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Attack the Message, Not the Messenger



 

Relationships are challenging! Relationships require work and perseverance, whether it is a parent-child relationship or husband and wife, coworker to coworker, or coworker to supervisor. One of the most needed areas of improvement is in communication. Here are a few ways to assist communication in any relationship.

  1. Timing: Ensure the timing of essential conversations or conversations that may lead to discord occurs at the proper time. Each person must understand their biological clock. For example, after early mornings while trying to prep for work or directly after working/school days usually aren't the best times. Children and adults need time to unwind from the day, and mornings are generally too hectic and will not leave enough time to complete conversations. Trying to be attentive to work or school details after a challenging conversation will be difficult for all involved. Plan a time to have conversations as much as possible. Do not text as this leads to many misunderstandings and intrudes on a person's daily demands.

  2. Use reflective listening: The goal of communication is to understand. In reflective listening, the receiver listens to the sender of the communication. The receiver paraphrases the message or mirrors, repeating what the speaker stated. For example, "What I hear you say is you felt as though I made you late for the program." If the speaker denies the statement, then ask to restate. Do not get caught up in trying to prove what the message was. The goal is to understand what the speaker attempts to communicate clearly.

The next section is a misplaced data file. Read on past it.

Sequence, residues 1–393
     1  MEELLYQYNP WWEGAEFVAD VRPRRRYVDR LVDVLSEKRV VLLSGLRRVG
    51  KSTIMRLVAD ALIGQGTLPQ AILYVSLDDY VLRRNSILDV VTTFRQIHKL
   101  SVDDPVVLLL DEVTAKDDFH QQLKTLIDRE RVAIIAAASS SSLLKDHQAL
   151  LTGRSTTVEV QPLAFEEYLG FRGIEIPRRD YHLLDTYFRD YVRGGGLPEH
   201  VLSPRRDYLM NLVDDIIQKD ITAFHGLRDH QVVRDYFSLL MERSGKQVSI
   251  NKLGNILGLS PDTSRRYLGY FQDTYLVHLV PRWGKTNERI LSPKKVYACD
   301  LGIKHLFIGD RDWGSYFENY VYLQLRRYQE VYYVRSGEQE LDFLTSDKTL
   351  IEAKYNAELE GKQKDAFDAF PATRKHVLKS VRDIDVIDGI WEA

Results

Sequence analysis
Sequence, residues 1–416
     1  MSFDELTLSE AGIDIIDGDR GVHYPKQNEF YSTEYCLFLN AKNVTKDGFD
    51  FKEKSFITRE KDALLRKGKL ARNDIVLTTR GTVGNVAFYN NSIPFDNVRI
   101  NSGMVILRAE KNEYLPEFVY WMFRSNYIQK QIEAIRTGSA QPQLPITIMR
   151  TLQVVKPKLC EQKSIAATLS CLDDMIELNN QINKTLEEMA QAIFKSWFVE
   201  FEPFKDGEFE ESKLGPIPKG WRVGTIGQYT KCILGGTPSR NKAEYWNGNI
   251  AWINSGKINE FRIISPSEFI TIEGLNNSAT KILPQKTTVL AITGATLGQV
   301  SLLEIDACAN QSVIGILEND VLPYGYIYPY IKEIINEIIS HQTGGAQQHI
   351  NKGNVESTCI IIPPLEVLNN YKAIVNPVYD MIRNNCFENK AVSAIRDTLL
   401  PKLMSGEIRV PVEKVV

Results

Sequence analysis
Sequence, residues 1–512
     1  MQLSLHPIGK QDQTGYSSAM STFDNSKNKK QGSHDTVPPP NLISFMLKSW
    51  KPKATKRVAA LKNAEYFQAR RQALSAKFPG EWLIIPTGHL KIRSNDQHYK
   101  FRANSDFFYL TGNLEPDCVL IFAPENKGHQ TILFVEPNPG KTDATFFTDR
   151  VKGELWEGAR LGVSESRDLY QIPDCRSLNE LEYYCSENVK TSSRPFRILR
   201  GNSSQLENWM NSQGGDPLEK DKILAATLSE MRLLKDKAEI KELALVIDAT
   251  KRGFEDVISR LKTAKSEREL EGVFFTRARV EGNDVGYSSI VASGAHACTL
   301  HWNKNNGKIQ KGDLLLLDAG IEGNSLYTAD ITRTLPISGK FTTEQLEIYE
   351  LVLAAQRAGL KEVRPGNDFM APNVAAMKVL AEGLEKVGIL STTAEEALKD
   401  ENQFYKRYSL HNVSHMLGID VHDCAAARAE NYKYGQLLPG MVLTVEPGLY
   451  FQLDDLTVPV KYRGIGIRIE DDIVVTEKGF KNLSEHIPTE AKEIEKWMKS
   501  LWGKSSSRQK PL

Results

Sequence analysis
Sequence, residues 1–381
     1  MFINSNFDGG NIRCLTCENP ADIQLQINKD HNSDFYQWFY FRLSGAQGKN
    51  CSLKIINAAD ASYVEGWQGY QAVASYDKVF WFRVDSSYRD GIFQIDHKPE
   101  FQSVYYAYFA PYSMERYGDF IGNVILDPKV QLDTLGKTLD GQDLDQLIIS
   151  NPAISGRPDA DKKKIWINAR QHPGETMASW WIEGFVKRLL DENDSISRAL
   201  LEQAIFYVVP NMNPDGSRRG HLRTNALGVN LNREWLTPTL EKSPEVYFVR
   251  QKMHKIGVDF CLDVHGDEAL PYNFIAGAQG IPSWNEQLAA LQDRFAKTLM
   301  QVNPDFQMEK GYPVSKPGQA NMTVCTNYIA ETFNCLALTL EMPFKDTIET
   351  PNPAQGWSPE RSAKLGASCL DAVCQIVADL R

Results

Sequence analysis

3. Acknowledge the feelings: Focus on the person's feelings. Allowing a person to own the emotion validates their feelings. It does not make one right or wrong. Say, "You feel neglected." Stating the feeling removes fault from either the speaker or the receiver. Disregarding a person's feelings or arguing often leads to side-tracked conversations without resolutions.

  4. Plan for disagreements: I met my husband's grandmother on my wedding day. As I leaned over to hug her, she stated, "It takes two to argue." Although her timing was questionable, the statement was valid. In honesty, I thought her approach to an initial encounter was rude. You will disagree in healthy relationships, so plan to disagree respectfully. Create a time-out signal. I am currently reading, An American Marriage by Tayari Jones. The couple uses their wedding date as a signal. Perhaps a color or birthdate will signal to take a predetermine timed break for children. If longer is needed, table the conversation. Agree to attack the message, not the messenger. Find solutions to the problem.

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